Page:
(If you are using the distributed transactions support in COM+/Enterprise Services components with OpenLink drivers, you must enable XA transactions.)

1) Enable XA transactions

To turn on support for XA transactions, follow these steps:

  1. Open Component Services.
  2. Expand the tree view to locate the computer where you want to turn on support for XA transactions (for example, My Computer).
  3. Right-click the computer name, and then click Properties.
  4. Click the MSDTC tab, and then click Security Configuration.
  5. Under Security Settings, click to select the check box for XA Transactions to turn on this support.

2) Identify in the registry the XA DLLs you plan to use

Windows Server 2003 and XP SP2 provide a registry entry for specifying the XA DLLs that the MSDTC can use. For each XA enabled OpenLink ODBC driver you plan to use, you must create a registry named-value under the registry key HKEY LOCAL_MACHINE\SOFTWARE\Microsoft\MSDTC\XADLL. In your registry named-value, Name is the file name of the XA DLL (in the format dllname.dll), Type is String (REG_SZ), and the value is the full path name (including the file name) of the DLL file.


[HKEY LOCAL_MACHINE\SOFTWARE\Microsoft\MSDTC\XADLL] Key name: ntl6o10zu.dll Data: C:\program files\openlink\bin\ntl6o10zu.dll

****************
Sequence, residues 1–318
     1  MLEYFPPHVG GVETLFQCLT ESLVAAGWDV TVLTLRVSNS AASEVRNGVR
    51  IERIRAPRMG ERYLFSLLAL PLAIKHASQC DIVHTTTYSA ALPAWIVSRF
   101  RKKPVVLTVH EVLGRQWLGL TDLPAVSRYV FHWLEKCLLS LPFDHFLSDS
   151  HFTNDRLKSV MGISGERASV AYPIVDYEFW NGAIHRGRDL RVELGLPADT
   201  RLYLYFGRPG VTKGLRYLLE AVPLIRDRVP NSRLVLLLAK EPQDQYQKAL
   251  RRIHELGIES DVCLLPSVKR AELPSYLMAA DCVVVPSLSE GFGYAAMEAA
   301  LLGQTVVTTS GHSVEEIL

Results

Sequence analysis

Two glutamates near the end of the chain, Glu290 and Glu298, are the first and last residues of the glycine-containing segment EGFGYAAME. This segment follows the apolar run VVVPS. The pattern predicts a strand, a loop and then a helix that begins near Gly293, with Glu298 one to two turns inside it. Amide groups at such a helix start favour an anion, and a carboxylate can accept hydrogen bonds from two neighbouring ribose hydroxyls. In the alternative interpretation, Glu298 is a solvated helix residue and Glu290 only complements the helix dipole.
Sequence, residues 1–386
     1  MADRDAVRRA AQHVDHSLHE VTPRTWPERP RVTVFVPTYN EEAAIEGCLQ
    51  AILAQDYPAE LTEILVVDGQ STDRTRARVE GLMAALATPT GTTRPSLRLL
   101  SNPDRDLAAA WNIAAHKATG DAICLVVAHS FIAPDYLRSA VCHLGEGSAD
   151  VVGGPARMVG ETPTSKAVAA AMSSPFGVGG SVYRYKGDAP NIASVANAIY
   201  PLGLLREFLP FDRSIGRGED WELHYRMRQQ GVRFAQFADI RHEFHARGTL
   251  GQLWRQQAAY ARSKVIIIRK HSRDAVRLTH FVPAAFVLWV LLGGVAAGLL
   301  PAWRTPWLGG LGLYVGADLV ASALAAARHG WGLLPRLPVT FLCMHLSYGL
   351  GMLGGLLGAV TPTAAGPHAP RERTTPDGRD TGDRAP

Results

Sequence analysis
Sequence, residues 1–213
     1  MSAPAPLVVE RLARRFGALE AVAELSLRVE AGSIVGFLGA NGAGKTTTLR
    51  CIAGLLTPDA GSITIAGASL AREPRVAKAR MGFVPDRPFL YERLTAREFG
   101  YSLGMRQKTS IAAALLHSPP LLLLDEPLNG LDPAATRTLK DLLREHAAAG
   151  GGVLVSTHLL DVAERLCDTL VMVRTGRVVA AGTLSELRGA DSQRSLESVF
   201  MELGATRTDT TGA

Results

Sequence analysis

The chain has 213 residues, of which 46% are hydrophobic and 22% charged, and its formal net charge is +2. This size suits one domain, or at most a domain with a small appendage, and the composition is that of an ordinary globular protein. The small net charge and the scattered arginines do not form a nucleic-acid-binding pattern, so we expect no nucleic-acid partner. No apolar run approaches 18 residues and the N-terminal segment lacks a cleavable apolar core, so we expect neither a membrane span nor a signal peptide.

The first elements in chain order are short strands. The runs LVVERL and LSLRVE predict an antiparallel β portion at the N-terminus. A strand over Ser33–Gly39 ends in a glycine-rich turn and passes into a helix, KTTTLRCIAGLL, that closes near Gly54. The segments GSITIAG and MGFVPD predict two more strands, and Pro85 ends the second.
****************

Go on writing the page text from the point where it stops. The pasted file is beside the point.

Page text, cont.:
3) Allow the NetworkService account access to the folder containing the XA DLL

Since NetworkService a very restricted account, you need to provide this account with access to the folder where the XA DLL is located; for instance by modifying the access control list (ACL) for the folder. The ACL for an object is generally found on the Security tab of the object's property sheet.

4) Ensure the system PATH includes the folders of any DLLs loaded by the XA DLL

The MSDTC must be able to locate any DLLs on which the XA DLL depends. The folders containing these DLLs must be included in the global PATH environment variable. (The required DLLs and their paths can be identified easily withDependencyWalkerafter enabling the 'Full Paths' option on the 'View' menu.) Correct the path using Control panel, System Properties, Environment Variables, System Variables, Path. A reboot may be necessary for the change to take effect.

In Windows versions supporting the XADLL registry entry, it is not necessary to include the location of the XA DLL itself in the system PATH, as the registry entry includes the DLL's full path. In all earlier versions of Windows, the system PATH must include the XA DLL's location. 9.6.1. Useful Links